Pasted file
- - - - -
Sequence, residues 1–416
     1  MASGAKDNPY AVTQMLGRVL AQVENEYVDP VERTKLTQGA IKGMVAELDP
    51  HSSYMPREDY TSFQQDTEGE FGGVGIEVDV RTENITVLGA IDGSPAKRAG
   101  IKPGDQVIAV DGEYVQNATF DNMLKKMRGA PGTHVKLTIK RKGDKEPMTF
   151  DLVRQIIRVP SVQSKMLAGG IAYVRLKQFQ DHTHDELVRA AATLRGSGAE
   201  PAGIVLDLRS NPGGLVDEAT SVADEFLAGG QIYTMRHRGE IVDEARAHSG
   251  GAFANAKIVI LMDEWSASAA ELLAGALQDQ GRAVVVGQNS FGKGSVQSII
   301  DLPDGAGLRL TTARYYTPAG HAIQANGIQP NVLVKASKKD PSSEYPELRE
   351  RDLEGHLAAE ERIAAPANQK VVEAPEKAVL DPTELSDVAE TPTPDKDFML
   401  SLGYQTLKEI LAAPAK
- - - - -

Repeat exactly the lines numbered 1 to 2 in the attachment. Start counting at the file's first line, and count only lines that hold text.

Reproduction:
Sequence, residues 1–416
     1  MASGAKDNPY AVTQMLGRVL AQVENEYVDP VERTKLTQGA IKGMVAELDP